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CD Review

Benjamin Britten

The Operas, Volume 2

  • A Midsummer Night's Dream, Op. 64 1
  • Phaedra 2
  • Rape of Lucretia, Op. 37 3
  • Turn of the Screw, Op. 54 4
  • Death in Venice, Op. 88 5
  • Gloriana, Op. 53 6
1,3 Dame Janet Baker, mezzo-soprano
1 Elizabeth Harwood, soprano
3-5 Sir Peter Pears, tenor
3,5 John Shirley-Quirk, baritone
3 Heather Harper, soprano
4 Jennifer Vyvyan, soprano
6 Bryn Terfel, tenor
6 Philip Langridge, tenor
1 London Symphony Orchestra/Benjamin Britten
2 English Chamber Orchestra/Steuart Bedford
3 English Chamber Orchestra/Benjamin Britten
4 English Opera Group Orchestra/Benjamin Britten
5 English Chamber Orchestra/Steuart Bedford
6 Welsh National Opera Orchestra & Chorus/Charles Mackerras
Decca 475602-9 10CDs 667m ADD/DDD
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After my review of Decca's Volume 1 of the Britten operas, I now find myself faced with this splendid second set which groups together The Rape of Lucretia (1946), Gloriana (1953), The Turn of the Screw (1954), A Midsummer's Night Dream (1960) and Death in Venice (1973). The set also includes the cantata, 'Phaedra' (1976) which was premièred less than 6 months before the composer's death.

As I stated in my first foray, time simply precludes me from going into details but for continuity's sake, I will outline Britten's specific messages for these five operas as well. Lucretia (the destruction of virtue through man's lust), Gloriana (A reminder of the joys and woes of one of England's greatest monarchs) A Midsummer's Night Dream (a re-enactment of Shakespeare's comedy to delight and amuse), The Turn of the Screw (the tragic tensions emanating from the world of the spirits and their dire consequences) Death in Venice (the composer's self portrait of his inner torment and outer struggle with a hypocritical age).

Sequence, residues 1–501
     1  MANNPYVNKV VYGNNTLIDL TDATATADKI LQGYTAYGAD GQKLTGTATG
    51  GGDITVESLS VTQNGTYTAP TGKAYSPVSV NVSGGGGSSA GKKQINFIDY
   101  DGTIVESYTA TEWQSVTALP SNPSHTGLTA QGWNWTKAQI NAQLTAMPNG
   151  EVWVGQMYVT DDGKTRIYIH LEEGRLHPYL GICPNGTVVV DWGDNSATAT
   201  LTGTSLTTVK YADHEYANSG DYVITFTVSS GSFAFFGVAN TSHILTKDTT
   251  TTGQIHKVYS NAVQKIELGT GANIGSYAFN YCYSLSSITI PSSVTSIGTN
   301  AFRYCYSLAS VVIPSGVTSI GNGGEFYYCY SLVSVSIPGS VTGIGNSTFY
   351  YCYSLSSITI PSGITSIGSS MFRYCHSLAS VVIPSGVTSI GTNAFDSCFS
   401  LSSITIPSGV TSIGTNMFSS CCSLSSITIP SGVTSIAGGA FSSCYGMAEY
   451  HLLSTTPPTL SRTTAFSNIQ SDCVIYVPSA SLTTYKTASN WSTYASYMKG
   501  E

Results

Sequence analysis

Not all five works are conducted by Britten, but the ones he does conduct (Dream, Lucretia and Screw) are unsurpassable in their intensity and rhythmic control, although the composer's subdued wit is very much in evidence in Dream. Steuart Bedford's 'death in Venice is a profound study of Britten's anguished and ambivalent soul. Having been close friends helps Bedford in more ways than one to bring out the many hidden shades of this marvellous and very sparse score.

Charles Mackerras clothes 'Gloriana' with all the nobility and pathos that is associated with the main character, and although he is not a renowned Britten interpreter, this rarely performed opera is given a very vigorous and dignified reading. Where performers and engineers are concerned, I certainly have no qualms on the peerless standards achieved. Full marks to all whose indefatigable enthusiasm and consummate artistry helped realize this project of immense proportions and incomparable beauty.

Copyright © 2005, Gerald Fenech